English is stupid…

I’m currently learning Khmer, and the vowels are difficult and the alphabet is extensive. But, I don’t think it is as ridiculous as the English language.

Here are some reasons why it’s stupid:

Spellings

This is perhaps the most obvious reason. You can blame the great vowel shift, the printing press and some scholars who decided we needed to make some words look more Latin (although those words were not originally Latin, as they had presumed), but we have some of the most arbitary spellings ever. The most often cited example is the “ough” that has an obscene amount of potential pronunciations (thought, though, bough, cough, hiccough…).

Verbs

Our verbs and sentence structures around them change for a variety of reasons. The main one being when the action is taking place (present, past and, to some extent- with the addition of ‘will’- future). Then you have whether the action is completed at the time of speaking, or when another even has taken place. So, we have twelve main tenses (or aspects, whatever the difference is…): present simple, present progressive (or present continuous), present perfect, present perfect progressive (or continuous); past simple, progressive, perfect, and perfect progressive; and the same with the future. Surely, that makes it simple: present tenses deal with events happening now. No.

Present simple is used to discuss habitual actions or things that are always true. For instance: I go to the market every Saturday. Is today Saturday? No. Am I heading to the market? No. The event is not currently taking place. Or even better (or worse): I go to Phnom Penh next month. This is present simple being used to discuss a future action. Or take the present perfect: I have eaten. This is an event that has already happened.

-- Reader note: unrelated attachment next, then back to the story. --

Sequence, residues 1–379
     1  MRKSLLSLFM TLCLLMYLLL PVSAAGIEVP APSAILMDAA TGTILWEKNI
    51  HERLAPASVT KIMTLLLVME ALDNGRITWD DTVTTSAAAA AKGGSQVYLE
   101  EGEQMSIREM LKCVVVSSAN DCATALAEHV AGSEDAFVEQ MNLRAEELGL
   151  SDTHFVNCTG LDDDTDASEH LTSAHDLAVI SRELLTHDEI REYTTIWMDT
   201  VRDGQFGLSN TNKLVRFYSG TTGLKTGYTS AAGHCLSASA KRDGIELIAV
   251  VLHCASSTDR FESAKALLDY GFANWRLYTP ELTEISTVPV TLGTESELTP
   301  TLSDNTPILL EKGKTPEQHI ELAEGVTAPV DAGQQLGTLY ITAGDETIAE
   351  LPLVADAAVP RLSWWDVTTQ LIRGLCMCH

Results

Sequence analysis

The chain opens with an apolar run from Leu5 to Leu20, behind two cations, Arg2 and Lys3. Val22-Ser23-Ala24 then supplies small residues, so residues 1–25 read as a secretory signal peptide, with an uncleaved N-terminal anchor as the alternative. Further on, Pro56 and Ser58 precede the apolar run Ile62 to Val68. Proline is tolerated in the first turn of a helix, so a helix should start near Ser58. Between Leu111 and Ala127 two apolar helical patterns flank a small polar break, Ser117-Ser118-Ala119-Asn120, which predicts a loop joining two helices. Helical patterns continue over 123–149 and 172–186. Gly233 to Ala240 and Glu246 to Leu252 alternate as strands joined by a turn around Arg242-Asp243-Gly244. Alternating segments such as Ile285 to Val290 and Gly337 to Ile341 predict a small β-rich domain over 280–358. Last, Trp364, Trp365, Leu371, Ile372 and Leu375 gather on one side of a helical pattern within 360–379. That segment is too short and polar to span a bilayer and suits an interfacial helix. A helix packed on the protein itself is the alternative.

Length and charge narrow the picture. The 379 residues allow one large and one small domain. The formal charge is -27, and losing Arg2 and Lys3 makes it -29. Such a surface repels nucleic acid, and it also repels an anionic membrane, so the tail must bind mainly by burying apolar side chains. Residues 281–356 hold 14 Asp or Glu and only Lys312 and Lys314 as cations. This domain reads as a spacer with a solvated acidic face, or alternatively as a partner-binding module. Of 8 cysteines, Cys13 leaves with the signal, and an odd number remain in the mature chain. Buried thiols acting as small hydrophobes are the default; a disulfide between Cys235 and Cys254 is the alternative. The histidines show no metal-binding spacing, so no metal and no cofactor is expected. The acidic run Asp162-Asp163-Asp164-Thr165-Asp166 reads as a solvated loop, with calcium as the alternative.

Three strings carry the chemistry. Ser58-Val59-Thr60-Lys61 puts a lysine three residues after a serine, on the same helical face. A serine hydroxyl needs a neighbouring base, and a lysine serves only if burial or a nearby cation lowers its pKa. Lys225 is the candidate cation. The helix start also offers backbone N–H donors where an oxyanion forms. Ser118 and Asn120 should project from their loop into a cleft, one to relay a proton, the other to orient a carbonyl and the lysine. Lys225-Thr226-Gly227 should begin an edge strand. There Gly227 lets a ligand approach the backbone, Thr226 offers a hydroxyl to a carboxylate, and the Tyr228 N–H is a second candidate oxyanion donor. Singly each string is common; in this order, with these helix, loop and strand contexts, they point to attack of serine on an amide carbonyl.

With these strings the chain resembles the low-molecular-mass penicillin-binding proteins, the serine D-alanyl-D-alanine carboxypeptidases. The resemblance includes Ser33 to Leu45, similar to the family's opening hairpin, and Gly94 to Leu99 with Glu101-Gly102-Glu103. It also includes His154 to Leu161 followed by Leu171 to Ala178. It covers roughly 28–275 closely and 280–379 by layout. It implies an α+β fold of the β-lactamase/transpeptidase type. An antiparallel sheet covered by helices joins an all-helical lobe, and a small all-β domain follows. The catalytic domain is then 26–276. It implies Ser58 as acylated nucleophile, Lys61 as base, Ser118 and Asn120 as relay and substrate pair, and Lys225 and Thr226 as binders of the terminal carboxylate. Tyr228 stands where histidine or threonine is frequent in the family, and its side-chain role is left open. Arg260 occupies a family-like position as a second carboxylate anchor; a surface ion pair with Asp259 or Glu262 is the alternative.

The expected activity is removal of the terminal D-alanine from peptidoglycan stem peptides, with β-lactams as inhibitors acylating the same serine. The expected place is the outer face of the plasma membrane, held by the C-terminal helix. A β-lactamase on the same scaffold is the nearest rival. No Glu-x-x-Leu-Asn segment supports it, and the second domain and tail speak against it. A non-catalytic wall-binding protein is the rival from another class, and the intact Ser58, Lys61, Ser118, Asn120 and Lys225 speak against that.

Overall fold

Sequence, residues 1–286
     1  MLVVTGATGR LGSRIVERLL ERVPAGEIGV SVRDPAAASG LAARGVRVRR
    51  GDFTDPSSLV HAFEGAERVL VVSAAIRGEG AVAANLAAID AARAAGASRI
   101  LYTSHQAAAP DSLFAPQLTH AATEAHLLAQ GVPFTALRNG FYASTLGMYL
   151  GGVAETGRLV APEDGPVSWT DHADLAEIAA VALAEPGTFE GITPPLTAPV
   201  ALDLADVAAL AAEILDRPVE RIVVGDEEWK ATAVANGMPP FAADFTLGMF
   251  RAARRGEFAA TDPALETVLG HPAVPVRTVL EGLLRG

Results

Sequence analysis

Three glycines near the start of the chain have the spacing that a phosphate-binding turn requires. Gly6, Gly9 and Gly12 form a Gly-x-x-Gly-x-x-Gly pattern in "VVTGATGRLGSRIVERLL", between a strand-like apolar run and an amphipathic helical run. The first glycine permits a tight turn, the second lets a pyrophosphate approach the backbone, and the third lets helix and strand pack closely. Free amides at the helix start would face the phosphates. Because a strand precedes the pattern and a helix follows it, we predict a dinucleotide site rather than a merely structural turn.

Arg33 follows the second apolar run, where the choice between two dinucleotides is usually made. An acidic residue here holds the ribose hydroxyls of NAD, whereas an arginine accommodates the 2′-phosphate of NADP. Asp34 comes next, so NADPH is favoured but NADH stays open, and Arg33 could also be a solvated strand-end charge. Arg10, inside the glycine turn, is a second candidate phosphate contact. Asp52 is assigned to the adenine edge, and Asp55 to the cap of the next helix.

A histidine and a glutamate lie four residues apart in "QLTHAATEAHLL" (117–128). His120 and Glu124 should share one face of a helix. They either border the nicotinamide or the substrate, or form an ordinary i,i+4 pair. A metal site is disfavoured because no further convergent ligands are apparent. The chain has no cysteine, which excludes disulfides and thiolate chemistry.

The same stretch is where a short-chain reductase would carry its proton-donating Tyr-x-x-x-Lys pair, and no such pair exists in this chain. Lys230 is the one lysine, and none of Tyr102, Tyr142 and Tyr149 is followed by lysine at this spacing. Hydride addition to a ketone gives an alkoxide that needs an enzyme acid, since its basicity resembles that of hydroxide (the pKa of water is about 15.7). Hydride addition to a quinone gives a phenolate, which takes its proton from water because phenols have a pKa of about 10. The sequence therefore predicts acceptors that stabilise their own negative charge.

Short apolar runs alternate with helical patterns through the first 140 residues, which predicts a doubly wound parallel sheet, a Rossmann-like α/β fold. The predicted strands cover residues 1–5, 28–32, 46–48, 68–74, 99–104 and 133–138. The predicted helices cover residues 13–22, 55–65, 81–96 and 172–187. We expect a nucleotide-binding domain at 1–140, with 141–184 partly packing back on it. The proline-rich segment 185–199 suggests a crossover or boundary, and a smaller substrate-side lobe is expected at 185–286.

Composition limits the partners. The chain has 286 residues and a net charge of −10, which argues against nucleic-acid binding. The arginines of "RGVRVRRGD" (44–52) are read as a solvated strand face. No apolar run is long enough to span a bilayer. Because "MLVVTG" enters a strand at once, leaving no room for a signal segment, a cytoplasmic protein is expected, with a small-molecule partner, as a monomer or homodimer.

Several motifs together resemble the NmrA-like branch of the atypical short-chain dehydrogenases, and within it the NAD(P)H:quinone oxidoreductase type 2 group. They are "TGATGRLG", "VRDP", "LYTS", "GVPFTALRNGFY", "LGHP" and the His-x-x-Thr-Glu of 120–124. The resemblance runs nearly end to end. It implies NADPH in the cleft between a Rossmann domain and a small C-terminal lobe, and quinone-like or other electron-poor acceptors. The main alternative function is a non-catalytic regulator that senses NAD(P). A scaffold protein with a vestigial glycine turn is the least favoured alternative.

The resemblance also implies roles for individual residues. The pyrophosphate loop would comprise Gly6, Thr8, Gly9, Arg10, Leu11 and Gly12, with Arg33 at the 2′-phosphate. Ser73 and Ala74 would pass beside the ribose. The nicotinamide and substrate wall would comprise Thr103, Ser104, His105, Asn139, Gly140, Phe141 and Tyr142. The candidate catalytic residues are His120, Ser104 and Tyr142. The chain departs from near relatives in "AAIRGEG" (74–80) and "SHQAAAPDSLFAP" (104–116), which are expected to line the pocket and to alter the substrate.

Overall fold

I just tried to explain the difference between future perfect, progressive and perfect progressive. It’s hard enough to define to an English speaker, let alone to someone who does not have tense inflexion in their native language. Trying to explain that one describes a future event being interrupted by another future event whilst the second describes a future event that has finished before a second future event occurs and the third describes an event that will have been occuring for a set duration at somepoint in the future was pretty hard. Being Khmer, the person reassured me that he understood, but I think he was just trying to be polite (or end the tedious conversation).

Let’s not forget about the four hundred irregular verbs in our language. Of course they are the seldom used verbs like to be, to eat, to have, to make and to go.

That’s just the tenses. Then there’s the passive voice and the indicative, imperative, and subjunctive mood. Then there’s the multitude of reasons why and why not we might use the infinitive or whether we should be using…

Gerunds

Gerunds are nouns that look like verbs (or are they a verb form behaving as a noun: same same but different). They have an -ing ending, but go in the place where a noun should go. (Of course, the infinite can usually go there too.)

So where is the gerund in this question: Why are you discussing leaving to go home early?

Prepositions

These are the little words that indicate how a noun is relating to another noun, such as around, above, before, etc. However, there are quite a lot of phrases that require particular prepositions and the reasons for them seem arbitary (because there is little actual reason). Explaining the difference between on and in may seem easy. Then explain the difference between getting on a bus but getting in a car.

Subtle differences

The word swimming, for instance can be a verb (I am swimming), gerund (I like swimming) and modifier (I’m entering a swimming competition). There are some many words that look like one thing but are actually another. Also, there are words that look the same but mean different things (I am bored, I am boringraze to the groundraise from the ground).

Vocabulary

The English language has a massive vocabulary. In fact it is more than French and German combined (probably because it is just that: French and German combined).

I love teaching, I love English but sometimes it can be a pain.

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